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Volume 24 Issue 1 - September 2018

  • Text
  • September
  • Jazz
  • Toronto
  • Musical
  • Symphony
  • Quartet
  • Orchestra
  • Festival
  • Theatre
  • Violin
In this issue: The WholeNote's 7th Annual TIFF TIPS guide to festival films with musical clout; soprano Erin Wall in conversation with Art of Song columnist Lydia Perovic, about more than the art of song; a summer's worth of recordings reviewed; Toronto Chamber Choir at 50 (is a few close friends all it takes?); and much more, as the 2018/19 season gets under way.

called “the poverty

called “the poverty and rawness of the subject,” he wrote a “less melodic score than usual using dissonant choral melodies that seem to disappear before they can be grasped, as well as synth-based electronic sonorities.” Crucially, he chose not to “underline or highlight emotions that were already sufficiently intense.” Birds of Passage, by the filmmaking team behind the remarkable Embrace of the Serpent, is a compulsively watchable saga inspired by true events in the Guajira region of Colombia during the rise of the marijuana export industry (1960-1980). It’s a carefully constructed epic where chapters are presented as song titles and stunning music – a combination of traditional instrumentals and contemporaneous pop – contributes in kind. Ali Abbasi’s Border, a Swedish film which deservedly won the top prize in the Un Certain Regard sidebar, benefits from an atmospheric score by Martin Dirkov that moves discreetly from dreamy electronica to joyful swells. Strikingly original, Border follows a female customs officer who can smell what people are feeling, making it easy for her to spot deception of any kind. Her life broadens when she meets a man with similar characteristics who shares her uncanny ability. Then this film about societal outsiders takes a page from Norse mythology and leaps into unseen territory. In Icelandic director Benedikt Erlingsson’s genre-bending dramatic comedy, Woman at War, a middle-aged female choirmaster (with a twin sister) whose adoption request for a Ukrainian four-year-old has just been accepted, is also an eco-terrorist who shoots down power lines with a bow and arrow. And because it’s an upbeat movie, she’s followed around by a kind of musical Greek chorus consisting of sousaphone, accordion, drums and three Ukrainian singers in traditional costumes. FILMS WITH A PEDIGREE Tom Volf’s documentary, Maria by Callas, narrated by Joyce DiDonato, promises fresh insights into La Divina through recently rediscovered writings and interviews with the legendary Greek- American soprano. Quincy follows 85-year-old legend Quincy Jones as he puts together a star-studded concert for the opening of the National Museum of African American History and Culture in Washington, DC, giving him ample time to reflect on his life and work with such icons as Count Basie, Herbie Hancock, Chick Corea, Dinah Washington, Frank Sinatra, Dizzy Gillespie and Michael Jackson. For Damien Chazelle’s First Man, about Neil Armstrong’s moon landing, Chazelle’s longtime composer Justin Hurwitz has revealed he’s getting away from jazz and old-fashioned orchestral sounds and experimenting with electronic music. Maria by Callas NOT YET VIEWED BUT INTRIGUING CANADIAN FILMS In Darlene Naponse’s Falls Around Her, a renowned Anishinaabe musician (the always watchable Tantoo Cardinal) comes home to Atikameksheng Anishnawbek First Nation in Northern Ontario to restore herself after many exhausting years on the road. But it can be tricky to hide from the demands of the outside world. Said to be inspired by Buffy Sainte-Marie. Gwaai Edenshaw and Helen Haig-Brown’s debut feature, Edge of the Knife, the first feature made entirely in the two dialects of the Haida language, uses traditional music to add a note of authenticity to its story. In 19th-century Haida Gwaii, an accident prompts a tormented man to retreat deep into the forest where he becomes Gaagiixiid/Gaagiid (“the wildman”). Igor Drljaca, fondly remembered for his cinematic eye and musical ear in Krivina, has made his first documentary, The Stone Speakers, that looks at the intersection of tourism and ideology in four post-war towns in Bosnia and Herzegovina and features traditional music on the soundtrack. A tiny section of Part 2 of his Symphony No. 8, that Mahler wrote in relation to the final scene of Goethe’s Faust, adds to the fascination of Andrea Bussmann’s first feature, Fausto, which she calls “quite experimental.” On the Oaxacan coast, tales of shapeshifting, telepathy and dealings with the devil are embedded within the colonization and enslavement of the Americas. Through literature, myth, and local entanglements, the veil between reality and fiction, and the seen and unseen, is lifted, according the film’s press kit. THREE LOTTERY PICKS Fresh from the Venice Film Festival and featuring a soundtrack full of new music by Australian pop star Sia, Brady Corbet’s Vox Lux is an original musical that follows a pop star (Natalie Portman), from her rise to fame after surviving a major school shooting in 1999, to her scandal-plagued, present-day, all-too-public private life. 12 | September 2018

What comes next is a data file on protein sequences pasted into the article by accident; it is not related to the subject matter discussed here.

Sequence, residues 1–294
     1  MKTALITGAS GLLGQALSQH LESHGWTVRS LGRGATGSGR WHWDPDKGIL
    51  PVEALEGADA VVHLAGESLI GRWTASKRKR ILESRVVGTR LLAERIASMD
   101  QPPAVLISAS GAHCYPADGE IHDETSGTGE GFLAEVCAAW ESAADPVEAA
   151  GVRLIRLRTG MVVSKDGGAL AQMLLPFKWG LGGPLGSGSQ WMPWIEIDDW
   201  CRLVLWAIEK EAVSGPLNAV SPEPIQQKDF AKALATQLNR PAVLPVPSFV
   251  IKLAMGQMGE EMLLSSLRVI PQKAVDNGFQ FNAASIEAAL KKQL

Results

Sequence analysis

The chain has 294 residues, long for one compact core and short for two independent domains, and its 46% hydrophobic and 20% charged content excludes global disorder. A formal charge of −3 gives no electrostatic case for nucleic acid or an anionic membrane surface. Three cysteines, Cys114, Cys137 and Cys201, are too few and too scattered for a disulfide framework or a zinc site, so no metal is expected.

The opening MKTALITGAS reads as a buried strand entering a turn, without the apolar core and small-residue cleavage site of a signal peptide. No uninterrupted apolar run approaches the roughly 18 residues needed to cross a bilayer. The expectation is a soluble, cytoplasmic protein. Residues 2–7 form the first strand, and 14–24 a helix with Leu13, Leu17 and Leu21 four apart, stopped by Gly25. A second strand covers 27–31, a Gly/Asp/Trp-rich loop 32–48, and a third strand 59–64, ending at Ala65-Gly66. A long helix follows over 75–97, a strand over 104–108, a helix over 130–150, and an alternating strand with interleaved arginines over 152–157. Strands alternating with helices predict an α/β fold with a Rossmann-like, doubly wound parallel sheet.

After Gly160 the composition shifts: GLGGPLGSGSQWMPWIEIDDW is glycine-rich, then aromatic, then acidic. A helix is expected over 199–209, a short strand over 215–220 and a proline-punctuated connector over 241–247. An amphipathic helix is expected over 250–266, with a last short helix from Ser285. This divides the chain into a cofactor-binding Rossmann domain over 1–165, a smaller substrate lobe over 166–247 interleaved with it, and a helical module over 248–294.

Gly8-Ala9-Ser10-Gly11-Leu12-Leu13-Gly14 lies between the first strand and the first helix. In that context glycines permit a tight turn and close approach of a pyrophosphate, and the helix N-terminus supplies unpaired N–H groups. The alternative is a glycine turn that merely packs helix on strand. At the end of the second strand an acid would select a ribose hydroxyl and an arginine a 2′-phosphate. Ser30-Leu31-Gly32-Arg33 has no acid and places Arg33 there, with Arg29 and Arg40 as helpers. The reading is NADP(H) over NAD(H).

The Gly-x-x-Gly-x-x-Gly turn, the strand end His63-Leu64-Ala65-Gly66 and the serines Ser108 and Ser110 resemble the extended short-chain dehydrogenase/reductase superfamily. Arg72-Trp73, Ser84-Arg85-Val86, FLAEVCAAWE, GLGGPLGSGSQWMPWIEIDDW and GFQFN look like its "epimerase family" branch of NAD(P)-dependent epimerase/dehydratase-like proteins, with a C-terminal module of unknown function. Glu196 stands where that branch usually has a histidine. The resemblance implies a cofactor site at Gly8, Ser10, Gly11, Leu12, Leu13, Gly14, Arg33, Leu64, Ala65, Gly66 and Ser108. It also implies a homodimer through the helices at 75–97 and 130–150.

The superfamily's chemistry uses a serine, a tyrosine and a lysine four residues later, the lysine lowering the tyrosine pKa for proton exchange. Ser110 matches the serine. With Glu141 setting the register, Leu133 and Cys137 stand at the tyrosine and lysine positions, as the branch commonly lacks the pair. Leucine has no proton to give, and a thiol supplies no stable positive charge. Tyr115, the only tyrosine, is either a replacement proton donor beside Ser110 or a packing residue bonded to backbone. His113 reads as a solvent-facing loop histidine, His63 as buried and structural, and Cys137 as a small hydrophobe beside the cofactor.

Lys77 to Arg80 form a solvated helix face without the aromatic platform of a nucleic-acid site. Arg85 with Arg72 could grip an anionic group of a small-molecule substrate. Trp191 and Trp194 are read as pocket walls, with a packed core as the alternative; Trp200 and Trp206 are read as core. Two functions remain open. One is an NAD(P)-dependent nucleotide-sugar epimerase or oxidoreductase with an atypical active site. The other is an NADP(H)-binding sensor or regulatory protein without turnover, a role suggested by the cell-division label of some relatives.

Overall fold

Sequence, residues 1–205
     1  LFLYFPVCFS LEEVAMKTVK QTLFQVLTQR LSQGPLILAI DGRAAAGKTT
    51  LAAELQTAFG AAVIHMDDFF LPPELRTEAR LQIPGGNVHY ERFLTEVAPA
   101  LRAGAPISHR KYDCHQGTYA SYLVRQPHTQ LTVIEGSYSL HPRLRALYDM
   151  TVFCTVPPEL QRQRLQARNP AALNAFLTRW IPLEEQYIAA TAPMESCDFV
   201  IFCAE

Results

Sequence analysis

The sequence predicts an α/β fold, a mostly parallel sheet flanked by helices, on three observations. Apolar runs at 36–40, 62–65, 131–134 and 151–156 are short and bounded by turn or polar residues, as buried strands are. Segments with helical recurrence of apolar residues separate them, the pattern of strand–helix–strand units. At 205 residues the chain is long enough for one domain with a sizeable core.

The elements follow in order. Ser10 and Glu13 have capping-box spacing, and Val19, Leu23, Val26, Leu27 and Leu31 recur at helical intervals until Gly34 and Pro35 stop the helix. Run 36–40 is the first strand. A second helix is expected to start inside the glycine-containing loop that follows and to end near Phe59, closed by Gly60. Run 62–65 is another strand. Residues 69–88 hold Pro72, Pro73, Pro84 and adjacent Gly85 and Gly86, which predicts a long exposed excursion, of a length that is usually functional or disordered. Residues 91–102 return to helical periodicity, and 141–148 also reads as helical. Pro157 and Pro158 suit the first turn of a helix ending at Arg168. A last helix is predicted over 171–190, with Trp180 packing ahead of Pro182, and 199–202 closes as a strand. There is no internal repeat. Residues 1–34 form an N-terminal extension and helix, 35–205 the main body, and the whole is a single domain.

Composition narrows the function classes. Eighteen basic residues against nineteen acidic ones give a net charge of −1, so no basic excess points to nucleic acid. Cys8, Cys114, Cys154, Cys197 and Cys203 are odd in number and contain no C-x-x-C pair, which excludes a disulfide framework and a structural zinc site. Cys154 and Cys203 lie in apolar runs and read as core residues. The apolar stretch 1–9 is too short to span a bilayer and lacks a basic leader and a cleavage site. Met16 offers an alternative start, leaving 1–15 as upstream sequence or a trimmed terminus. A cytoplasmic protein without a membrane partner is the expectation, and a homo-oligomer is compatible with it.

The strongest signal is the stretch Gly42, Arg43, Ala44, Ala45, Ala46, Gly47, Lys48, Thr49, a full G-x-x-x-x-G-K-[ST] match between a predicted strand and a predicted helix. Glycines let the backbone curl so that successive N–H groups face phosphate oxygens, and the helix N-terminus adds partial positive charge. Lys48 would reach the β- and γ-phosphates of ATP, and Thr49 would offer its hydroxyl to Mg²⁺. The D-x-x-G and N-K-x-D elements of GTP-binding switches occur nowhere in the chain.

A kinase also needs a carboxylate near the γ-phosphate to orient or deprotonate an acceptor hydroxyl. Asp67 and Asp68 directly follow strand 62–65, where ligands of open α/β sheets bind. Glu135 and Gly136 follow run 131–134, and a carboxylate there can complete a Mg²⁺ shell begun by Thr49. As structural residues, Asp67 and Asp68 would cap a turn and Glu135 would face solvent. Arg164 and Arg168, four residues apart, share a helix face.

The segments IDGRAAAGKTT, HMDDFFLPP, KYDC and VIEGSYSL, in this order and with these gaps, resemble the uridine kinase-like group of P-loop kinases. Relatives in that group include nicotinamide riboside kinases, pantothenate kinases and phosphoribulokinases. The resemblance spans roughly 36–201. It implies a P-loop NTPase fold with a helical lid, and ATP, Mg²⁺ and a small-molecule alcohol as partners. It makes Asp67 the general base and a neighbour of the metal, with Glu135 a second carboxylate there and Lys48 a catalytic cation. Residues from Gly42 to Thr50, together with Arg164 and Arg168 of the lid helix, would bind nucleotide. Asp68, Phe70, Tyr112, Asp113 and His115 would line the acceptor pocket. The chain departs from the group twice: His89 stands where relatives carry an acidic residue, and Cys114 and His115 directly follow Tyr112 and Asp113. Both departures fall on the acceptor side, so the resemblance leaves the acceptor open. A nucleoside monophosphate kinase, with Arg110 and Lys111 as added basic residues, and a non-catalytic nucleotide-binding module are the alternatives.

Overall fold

Falls Around Her Now in its 24th season, the Off Centre Music Salon recreates the magical atmosphere of the Viennese and Parisian salons of the 19th century. Music is intimately shared between the performers and the audience. Each concert tells a story. Vasan Bala’s Bollywood genre mashup, The Man Who Feels No Pain, screening in the Midnight Madness section, has a kinetic trailer filled with action and humour set to a rollicking riff on Superfly that demands attention. These words by Guy Lodge in Variety about Gabriel Abrantes and Daniel Schmidt’s Diamantino are quite a recommendation: “Part loopily queer sci-fi thriller, part faux-naive political rallying cry, glued together with candyfloss clouds of romantic reverie, it’s a film best seen with as little forewarning as possible. ... Only in the up-isdown world of Diamantino could Donna Lewis’ cream-cheese slab of mid-90s dreampop I Love You Always Forever briefly seem a soaring anthem of the heart. ‘Love has reasons that even reason can’t understand,’ muses Diamantino in voiceover at one point; so does this lovably ludicrous film.” The Toronto International Film Festival runs from September 6 to 16. Check for further information. Diamantino Paul Ennis is the managing editor of The WholeNote. Inna Perkis and Boris Zarankin Founders & Artistic Directors OCTOBER 21, 2018 THE MYSTERY OF HISTORY: 1889 in Paris and Vienna FEBRUARY 3, 2019 24 th Annual Schubertiad APRIL 14, 2019 To The Letter: An Epistolary Celebration JUNE 9, 2019 Russian Salon: Ages & Stages To order tickets or subscriptions, please call 416.466.6323 or visit us at OFFCENTREMUSIC.COM Trinity-St. Paul’s Centre 427 Bloor Street West Sunday afternoons, 3:00 pm September 2018 | 13